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- Institutions under the Ramakrishna Math and Ramakrishna Mission will continue to remain outside the purview of the Employees’ Provident Fund Organisation (EPFO) even as the Central government took a decision two years back to extend social security benefits to workers in all such charitable and religious trusts.
- The EPFO took a decision in May this year allowing institutions run by two trusts — Ramakrishna Math and Ramakrishna Mission — to remain outside its purview.
- The education institutions and hospitals run under Ramakrishna Math and Ramakrishna Mission have been exempted from the EPFO’s coverage since 1982.
- All religious trusts and places — maths , temples, gurudwara, and churches — employing at least 20 workers were required to extend provident fund benefits to their staff.
- Operation Muskan, a month-long drive to rescue Odisha’s missing children, was launched by the State police on Saturday.
- This is the third edition launched by the Crime Branch in association with the Women and Child Development Department.
- A joint team of the Crime Branch and Commissionerate of Police rescued the children, who were working as child labourers.
Why was the Israel visit historic?
- When Prime Minister Narendra Modi travelled to Israel this month, it was hailed as the first visit by an Indian Prime Minister there since the creation of Israel and India’s independence in 1947.
- It was also notable as he became the first senior Indian leader not to visit Palestinian areas or meet with Palestinian officials during the visit, or even mention Palestine publicly, overturning the primacy their cause has received from India over the past seven decades.
Why drop the trip to Palestine?
- For the Israeli side, the visit from the Indian Prime Minister was in itself a major diplomatic victory as India was one of the first countries to recognise the state of Palestine in 1988.
- Given India’s consistent support to the recognition of Palestine, Mr. Modi’s visit signified even more than the visit of a close ally, like the U.S., and its importance was underscored in the way Israeli Prime Minister Benjamin Netanyahu dropped all plans for the three days Mr. Modi was in Israel.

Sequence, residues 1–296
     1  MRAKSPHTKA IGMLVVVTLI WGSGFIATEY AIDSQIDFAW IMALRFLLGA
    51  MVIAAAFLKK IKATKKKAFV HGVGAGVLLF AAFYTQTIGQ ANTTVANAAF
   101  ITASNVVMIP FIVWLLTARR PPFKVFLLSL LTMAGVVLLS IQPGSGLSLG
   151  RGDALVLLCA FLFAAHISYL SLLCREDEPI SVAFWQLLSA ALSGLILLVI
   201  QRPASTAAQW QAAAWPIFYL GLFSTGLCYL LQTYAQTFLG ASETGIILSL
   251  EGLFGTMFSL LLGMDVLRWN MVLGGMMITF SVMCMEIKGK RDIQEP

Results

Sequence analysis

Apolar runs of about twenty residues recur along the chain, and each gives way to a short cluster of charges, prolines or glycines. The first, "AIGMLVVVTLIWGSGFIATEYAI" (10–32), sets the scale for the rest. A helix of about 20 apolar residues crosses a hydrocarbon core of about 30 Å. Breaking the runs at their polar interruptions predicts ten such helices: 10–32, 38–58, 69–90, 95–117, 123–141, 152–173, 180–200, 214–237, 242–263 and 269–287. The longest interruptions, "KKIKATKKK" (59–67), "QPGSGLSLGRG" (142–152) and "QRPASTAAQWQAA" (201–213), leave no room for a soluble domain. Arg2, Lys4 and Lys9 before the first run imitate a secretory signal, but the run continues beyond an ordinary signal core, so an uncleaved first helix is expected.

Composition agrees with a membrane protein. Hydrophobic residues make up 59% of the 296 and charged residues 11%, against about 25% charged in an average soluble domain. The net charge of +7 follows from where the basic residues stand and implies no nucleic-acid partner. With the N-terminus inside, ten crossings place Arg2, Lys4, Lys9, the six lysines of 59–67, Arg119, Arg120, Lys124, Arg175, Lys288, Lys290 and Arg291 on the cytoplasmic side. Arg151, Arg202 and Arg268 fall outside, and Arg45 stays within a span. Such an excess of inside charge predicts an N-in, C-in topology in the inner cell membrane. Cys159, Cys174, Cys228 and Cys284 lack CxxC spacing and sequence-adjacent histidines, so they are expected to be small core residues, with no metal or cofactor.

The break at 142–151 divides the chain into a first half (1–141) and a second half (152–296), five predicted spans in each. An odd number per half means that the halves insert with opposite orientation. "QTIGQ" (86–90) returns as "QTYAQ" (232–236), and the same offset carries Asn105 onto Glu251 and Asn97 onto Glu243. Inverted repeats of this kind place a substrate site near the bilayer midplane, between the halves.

- The significance of dropping Palestine from the visit wasn’t lost on the Israeli media either, which pointed out that even U.S. President Trump had visited Palestinian territory during his visit in May.
What will be the fallout?
- India has many areas of cooperation with Israel, which could grow much further if India drops its “political baggage” of the past, even if that involves losing some leverage on the Palestinian side.
- Palestinian officials have been muted, with President Mahmoud Abbas’s diplomatic adviser Majdi Elkhaldi saying they hope the visit wouldn’t come “at the expense” of the relations with Palestine.
What is the message?
- Many foreign policy analysts also see Mr. Modi’s visit as the ending of India’s ‘non-aligned movement (NAM)’ stance that the NDA government has made a decided shift from, underlined by his decision not to attend the NAM summit in Venezuela last year.
- The decision to drop Palestine from his itinerary may have historical underpinnings for the BJP-led government as well, as the Rashtriya Swayamsewak Sangh (RSS) has long proposed closer links between Israel and India.